Tag: disciplining and discerning

Interpreting the Bible in Velvet Elvis: binding and loosing

From an Anabaptist perspective, what excites me most about Rob Bell’s Velvet Elvis is the way in “Movement two: Yoke” it talks about using ‘binding and loosing’ to interpret the Bible together.

In Jesus’ world, it was assumed you had as much to learn from the discussion of the text as you did from the text itself. One person could never get too far in a twisted interpretation because the others were right there giving her insight and perspective she didn’t have on her own. Jesus said when he was talking about binding and loosing that ‘where two or three come together in my name, there am I with them.’

Community, community, community. Together, with others, wrestling and searching and engaging the Bible as a group of people hungry to know God in order to follow God. (52)

What was new to me was Rob Bell’s claim that a ‘yoke’ was a particular rabbi’s way of interpreting scripture (‘binding and loosing’) and that this is the background to Jesus’ claim to have a light yoke.

Different rabbis had different sets of rules, which were really different lists of what they forbade and what they permitted. A rabbi’s set of rules and lists, which was really that rabbi’s interpretation of how to live the Torah, was called that rabbi’s yoke. When you followed a certain rabbi, you were following him because you believed that rabbi’s set of interpretations were closest to what God intended through the Scriptures. And when you followed that rabbi, you were taking up that rabbi’s yoke.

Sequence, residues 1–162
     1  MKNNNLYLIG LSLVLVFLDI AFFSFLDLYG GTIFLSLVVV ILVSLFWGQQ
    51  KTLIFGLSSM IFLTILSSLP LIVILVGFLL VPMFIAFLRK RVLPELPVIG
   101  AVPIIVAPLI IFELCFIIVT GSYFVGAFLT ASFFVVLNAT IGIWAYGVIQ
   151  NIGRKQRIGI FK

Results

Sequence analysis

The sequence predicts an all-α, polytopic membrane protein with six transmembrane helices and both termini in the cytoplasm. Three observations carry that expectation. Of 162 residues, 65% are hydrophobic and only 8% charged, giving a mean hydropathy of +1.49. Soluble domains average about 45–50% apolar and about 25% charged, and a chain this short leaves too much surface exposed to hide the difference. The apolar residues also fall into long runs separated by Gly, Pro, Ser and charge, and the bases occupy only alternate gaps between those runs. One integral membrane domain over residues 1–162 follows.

One rabbi even said his yoke was easy. (47)

 This is wonderful stuff. In this chapter Bell:

  1. Uses the postmodern insight that no text interprets itself; instead, it is always interpreted by people.
  2. That we need to recover the Jewish and early Christian practice of interpreting the Bible together – and that this in itself is a safeguard against excesses and false teaching.
  3. That understanding the Bible is completely tied up with understanding what the Bible calls us to do. Ethics are where the Bible gets lived out.
  4. That Jesus told us to carry on this process together – Matthew 18:15-20.

Bell’s explanation of it is much more accessible than Yoder’s treatment, or even my simplification of Yoder’s treatment! I’ll be recommending people start with it to understand binding and loosing.

(He doesn’t cover the disciplining side of binding and loosing, but he doesn’t need to, not in what he is trying to do here.)

For the text of the talk I gave on binding and loosing at the 2007 Anabaptist conference, go back to here: https://perthanabaptists.wordpress.com/2007/02/01/matthew-1815-20-disciplining-and-discerning/

For my simplification of Yoder’s Body Politics – including binding and loosing, the first chapter, go to here:  https://perthanabaptists.wordpress.com/body-politics-simplified/


Church discipline resource

Stuart Murray, Explaining church discipline

In preparing my talk for the Anabaptist Conference on discipline and discerning, I came across a wonderful, free resource – two days before I was due to talk.

British Anabaptist Stuart Murray has kindly put his thirty page booklet free on the internet in pdf format. It is a great place to start in thinking about church discipline from a New Testament (and Anabaptist) perspective, with a clear exposition of Matthew 18:15-17 and an overview of church discipline – why it’s important, why it’s not practiced and what happens when it is. Best of all, he finishes with a chapter on how to practice it. His advice is geared toward an established church, and at implementation by leaders, which jars with me and my house church context – but is the context many people are in.

There is also a study guide available from the same site, with seven sessions based on the book and including group discussion questions. It is an excellent resource to use with a small group to introduce the idea of church discipline.